Supreme Court to hear death penalty, sentencing cases

[JURIST] The US Supreme Court [official website; JURIST news archive] on Friday granted certiorari in six cases [order list, PDF], including Kennedy v. Louisiana (07-343) [docket; cert. petition], in which the Supreme Court will consider whether a death sentence constitutes cruel and unusual punishment when imposed for a crime in which the victim was not killed. Patrick Kennedy was sentenced to death in Louisiana for raping a minor, one of the few remaining crimes where the death of a victim is not required for the death penalty. The Louisiana Supreme Court upheld [opinion, PDF] the sentence. AP has more.

The Supreme Court also granted cert in several other sentencing cases. In Irizarry v. US (06-7517) [docket], the Court will rule on whether a judge must give advance notice to both sides in a criminal case if he plans to pass a sentence that deviates from the Federal Sentencing Guidelines. The Eleventh Circuit ruled [opinion, PDF] that the guidelines are only advisory and so notice is not required. In Greenlaw v. United States (07-330) [docket; cert. petition, PDF], the Supreme Court will rule on whether a federal circuit court can take steps to lengthen a convict's sentence in the absence of any government appeal requesting such an extension.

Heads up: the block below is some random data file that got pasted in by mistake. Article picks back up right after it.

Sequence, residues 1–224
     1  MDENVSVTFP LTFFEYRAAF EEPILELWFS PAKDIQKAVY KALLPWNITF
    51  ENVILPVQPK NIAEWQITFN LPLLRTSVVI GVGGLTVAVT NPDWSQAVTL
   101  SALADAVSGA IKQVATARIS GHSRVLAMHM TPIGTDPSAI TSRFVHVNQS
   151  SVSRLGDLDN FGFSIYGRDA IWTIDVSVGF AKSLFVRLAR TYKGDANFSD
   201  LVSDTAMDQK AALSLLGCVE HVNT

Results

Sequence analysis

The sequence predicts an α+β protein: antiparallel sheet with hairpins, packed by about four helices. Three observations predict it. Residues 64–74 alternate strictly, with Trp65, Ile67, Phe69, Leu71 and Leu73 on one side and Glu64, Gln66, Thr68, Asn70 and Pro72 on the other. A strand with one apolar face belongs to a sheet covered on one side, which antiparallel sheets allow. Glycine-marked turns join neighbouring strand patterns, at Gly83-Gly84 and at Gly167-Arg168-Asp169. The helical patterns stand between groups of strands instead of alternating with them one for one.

The Court granted cert in three other cases Friday. In John Bridge v. Phoenix Bond & Indemnity Co., et al. (07-210) [docket; cert. petition, PDF], the Court will rule on whether a victim of mail fraud must prove that he relied on a misrepresentation made by the defendant to prevail in a civil Racketeer Influenced and Corrupt Organizations Act (RICO) action. In Sprint Communications Company, et al. v. APCC Services (07-552) [docket; cert. petition, PDF], the Court will rule on whether a plaintiff who was assigned the right to pursue a claim, but who does not stand to gain anything from the claim, nonetheless has standing to sue. In Plains Commerce Bank v. Long Family Land & Cattle (07-411) [docket; cert. petition, PDF], the Court will rule on whether Indian tribes’ courts have jurisdiction to decide a case between a business owned by tribe members and a bank that owns land within a reservation but that is not owned by tribe members.

 

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